This is the kind of traditional classical music the Queen has championed throughout her life. The chosen hymns were “The Day You Give, Lord” and “The Lord Is My Shepherd, I Won’t Want”, which was sung at her wedding to Prince Philip in 1947, and the national anthem “O Taste” and see how hepassed the Lord is,” was written by Ralph Vaughan Williams for the Queen’s coronation in 1953.

A chorus “Like as the Hart” composed by King’s music master Judith Weir was also specially commissioned on the day. It is said to be inspired by the Queen’s “unwavering Christian faith” and is the musical backdrop for Psalm 42.

The Reverend David Hoyle, Dean of Westminster, presided over the service. British Prime Minister Liz Truss, appointed by the Queen two days before her death, joined Commonwealth Secretary Patricia Scotland in the class, and the Archbishop of Canterbury, Justin Welby, delivered a sermon.

In his sermon, Welby said: “The grief of this day, felt not only by the late Queen’s family, but across the country, the Commonwealth and the world, stems from her rich life and loving service – which is now Gone from us.” The monarch’s 21st birthday broadcast, in which she famously announced that she would dedicate herself to serving the country and the Commonwealth.

“Serve in life, hope in death; all who follow the Queen’s example and are inspired by her trust and faith in God can say to her: ‘We shall meet again,'” he concluded, citing the Queen’s 2020 Speech during the UK’s Covid-19 lockdown, a tribute to Vera Lynn’s wartime song.

Organ Major Paul Burns of the Royal Regiment of Scotland ends Queen's funeral with singing

The hour-long service ended with a two-minute silence before the congregation sang the national anthem, “God Save the King.” The Queen’s Piper, who wakes the monarch with music every morning, ends the process with a fitting dirge “Sleep, dear, sleep.”

The day’s event showcased centuries-old rituals – the Household Cavalry procession was flanked by guards in woven uniforms, bagpipers and drummers in kilts, and soldiers lining the streets saluted as coffins passed by. Minute guns were fired in Hyde Park, Big Ben was ringed throughout the procession to Wellington Arch, and coffins were put into hearses to be transported to Windsor.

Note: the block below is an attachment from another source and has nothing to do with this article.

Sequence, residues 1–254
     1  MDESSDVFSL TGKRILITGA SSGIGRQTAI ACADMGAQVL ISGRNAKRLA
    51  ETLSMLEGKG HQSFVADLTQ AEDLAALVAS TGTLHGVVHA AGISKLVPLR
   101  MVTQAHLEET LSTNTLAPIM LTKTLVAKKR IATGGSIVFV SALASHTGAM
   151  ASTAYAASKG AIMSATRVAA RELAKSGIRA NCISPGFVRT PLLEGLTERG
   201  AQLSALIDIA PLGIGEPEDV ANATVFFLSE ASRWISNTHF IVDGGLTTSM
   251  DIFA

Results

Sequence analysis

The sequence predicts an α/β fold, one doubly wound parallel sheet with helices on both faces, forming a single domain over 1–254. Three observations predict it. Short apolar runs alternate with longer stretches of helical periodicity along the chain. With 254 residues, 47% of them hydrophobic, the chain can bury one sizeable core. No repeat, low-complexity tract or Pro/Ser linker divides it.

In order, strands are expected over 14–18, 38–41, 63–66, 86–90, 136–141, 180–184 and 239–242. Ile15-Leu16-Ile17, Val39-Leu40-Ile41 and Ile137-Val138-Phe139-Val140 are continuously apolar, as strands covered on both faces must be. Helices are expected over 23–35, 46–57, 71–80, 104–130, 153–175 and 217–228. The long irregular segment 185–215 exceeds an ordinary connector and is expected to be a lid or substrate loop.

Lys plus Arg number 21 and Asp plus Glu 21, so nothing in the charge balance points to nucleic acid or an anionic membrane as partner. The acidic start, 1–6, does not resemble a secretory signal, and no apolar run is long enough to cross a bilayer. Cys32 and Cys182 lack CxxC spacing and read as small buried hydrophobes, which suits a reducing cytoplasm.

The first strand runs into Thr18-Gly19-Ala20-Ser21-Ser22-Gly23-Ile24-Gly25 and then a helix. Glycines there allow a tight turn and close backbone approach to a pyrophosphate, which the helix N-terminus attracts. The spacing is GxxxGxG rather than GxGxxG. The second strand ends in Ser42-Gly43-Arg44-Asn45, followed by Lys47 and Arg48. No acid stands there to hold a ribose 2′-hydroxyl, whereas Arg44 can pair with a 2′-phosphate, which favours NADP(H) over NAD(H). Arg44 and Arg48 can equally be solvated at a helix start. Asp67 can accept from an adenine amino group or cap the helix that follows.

Once there, the National Hearse passed over 140,000 people on the parade route to Windsor Castle, crowds filling the length of the long walk. The Queen’s beloved two corgis sit outside the castle, waiting for her to return home for the last time.

People line up on the parade route from London to Windsor.

The royals and the Queen’s past and present household staff sat on pews for a more intimate ceremony at St George’s Chapel on Monday afternoon. Some of the music for the ceremony was composed by Sir William Henry Harris, the organist at St George’s Church when the Queen was a child, and who is believed to have taught her to play the piano.

In a poignant moment full of drama, there was silence inside the church as the crown jeweller took down the imperial crown and the monarch’s orb and scepter. Lord Burren broke his office wand, placed it on top of the coffin, and placed it in the royal coffers, according to the Queen’s family.

The Queen's coffin was carried into St George's Chapel.

Later in the evening, in a private funeral, she will be buried at King George VI Memorial Chapel alongside her 73-year-old husband, the Duke of Edinburgh, “her constant strength and guide”. As an annex to St George’s Church, it also houses the remains of the Queen’s father, mother, the Queen Mother and sister, Princess Margaret.

“It means a lot to me,” said Lorraine Calloway, who came to Windsor with her son Cohen, 8, for the historic day. “It’s very important to me and the whole family to see the Queen have her final resting place here.”

Crowds line up to watch the parade on the long walk outside Windsor Castle.